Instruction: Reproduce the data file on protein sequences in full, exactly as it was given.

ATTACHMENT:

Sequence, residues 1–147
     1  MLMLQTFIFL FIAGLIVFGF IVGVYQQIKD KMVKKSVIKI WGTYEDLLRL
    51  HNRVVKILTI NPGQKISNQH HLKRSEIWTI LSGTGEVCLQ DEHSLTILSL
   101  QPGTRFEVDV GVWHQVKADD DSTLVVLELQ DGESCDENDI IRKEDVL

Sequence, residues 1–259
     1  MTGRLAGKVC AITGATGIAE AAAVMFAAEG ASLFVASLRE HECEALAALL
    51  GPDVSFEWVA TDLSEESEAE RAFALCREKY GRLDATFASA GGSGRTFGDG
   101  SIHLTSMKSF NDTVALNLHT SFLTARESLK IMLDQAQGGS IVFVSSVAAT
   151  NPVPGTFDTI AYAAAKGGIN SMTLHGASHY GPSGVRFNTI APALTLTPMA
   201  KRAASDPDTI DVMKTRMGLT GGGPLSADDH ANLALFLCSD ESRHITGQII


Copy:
Sequence, residues 1–147
     1  MLMLQTFIFL FIAGLIVFGF IVGVYQQIKD KMVKKSVIKI WGTYEDLLRL
    51  HNRVVKILTI NPGQKISNQH HLKRSEIWTI LSGTGEVCLQ DEHSLTILSL
   101  QPGTRFEVDV GVWHQVKADD DSTLVVLELQ DGESCDENDI IRKEDVL

Sequence, residues 1–259
     1  MTGRLAGKVC AITGATGIAE AAAVMFAAEG ASLFVASLRE HECEALAALL
    51  GPDVSFEWVA TDLSEESEAE RAFALCREKY GRLDATFASA GGSGRTFGDG
   101  SIHLTSMKSF NDTVALNLHT SFLTARESLK IMLDQAQGGS IVFVSSVAAT
   151  NPVPGTFDTI AYAAAKGGIN SMTLHGASHY GPSGVRFNTI APALTLTPMA
   201  KRAASDPDTI DVMKTRMGLT GGGPLSADDH ANLALFLCSD ESRHITGQII